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post #1 of 5 (permalink) Old 04-20-11, 10:16 PM Thread Starter
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Default The Forgotten: A Horus Heresy Death Guard story


A Horus Heresy story by the No Poet

It is with bitterness that I bid you this farewell, for my body lies smashed and broken and my brothers have left me behind.

My name is Astarian. It was my honour to serve as Lieutenant of the Second Great Company. I am XIV Legion.

Once we were known as the Dusk Raiders. The fledgling Imperium calls us Death Guard. To our enemies, we are sanctified murderers, faceless executioners who kill and kill again so that the galaxy may one day become the paradise our Emperor proclaims.

As a private in the Dusk Raiders – before our Emperor, in his wisdom, reformed the structure of his Astartes Legions – I saw action from Earth to Tanith. My Legion fought and died beneath the White Crags of Ellesmere, standing beside Russ’ Wolves.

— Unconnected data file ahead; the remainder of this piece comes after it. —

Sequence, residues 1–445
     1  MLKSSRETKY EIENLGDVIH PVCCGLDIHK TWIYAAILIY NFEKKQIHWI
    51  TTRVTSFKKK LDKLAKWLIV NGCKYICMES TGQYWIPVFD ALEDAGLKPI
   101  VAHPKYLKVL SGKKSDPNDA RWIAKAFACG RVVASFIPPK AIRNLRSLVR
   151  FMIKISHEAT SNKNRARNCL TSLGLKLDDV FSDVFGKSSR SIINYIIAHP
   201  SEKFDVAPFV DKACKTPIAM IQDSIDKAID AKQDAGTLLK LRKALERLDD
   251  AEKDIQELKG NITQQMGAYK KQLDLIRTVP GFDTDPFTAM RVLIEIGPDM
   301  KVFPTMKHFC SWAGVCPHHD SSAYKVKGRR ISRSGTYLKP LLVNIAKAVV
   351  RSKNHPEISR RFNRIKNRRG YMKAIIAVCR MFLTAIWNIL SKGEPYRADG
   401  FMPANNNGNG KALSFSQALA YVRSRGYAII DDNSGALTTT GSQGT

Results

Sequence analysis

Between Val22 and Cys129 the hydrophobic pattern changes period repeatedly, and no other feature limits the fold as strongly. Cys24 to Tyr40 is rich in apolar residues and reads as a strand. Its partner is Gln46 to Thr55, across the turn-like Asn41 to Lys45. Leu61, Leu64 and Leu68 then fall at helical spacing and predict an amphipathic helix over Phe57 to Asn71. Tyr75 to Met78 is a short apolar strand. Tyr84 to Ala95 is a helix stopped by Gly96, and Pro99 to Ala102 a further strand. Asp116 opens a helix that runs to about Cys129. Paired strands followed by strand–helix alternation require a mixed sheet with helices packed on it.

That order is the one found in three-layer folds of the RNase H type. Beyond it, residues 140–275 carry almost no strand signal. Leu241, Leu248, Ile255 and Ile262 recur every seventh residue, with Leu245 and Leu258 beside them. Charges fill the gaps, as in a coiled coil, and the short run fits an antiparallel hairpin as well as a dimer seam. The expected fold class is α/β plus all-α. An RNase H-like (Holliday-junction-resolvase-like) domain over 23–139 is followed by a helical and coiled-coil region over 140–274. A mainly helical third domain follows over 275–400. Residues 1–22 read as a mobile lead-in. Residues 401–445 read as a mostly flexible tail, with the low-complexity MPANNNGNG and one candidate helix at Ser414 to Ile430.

Even then my Legion was neglected by the Imperium. Hundreds of my brothers were slain duelling mighty Ice Worms, ravening horrors whose sheer size could overwhelm the sanity of a lesser man. Ignatius Grulgor of the Second was promoted to Captain in circumstances beyond my comprehension: how could even an Astartes of the Dusk Raiders continue fighting as his own body dissolved, while his company leader and most of his brothers were dead or melted within the bellies of the Ice Worms?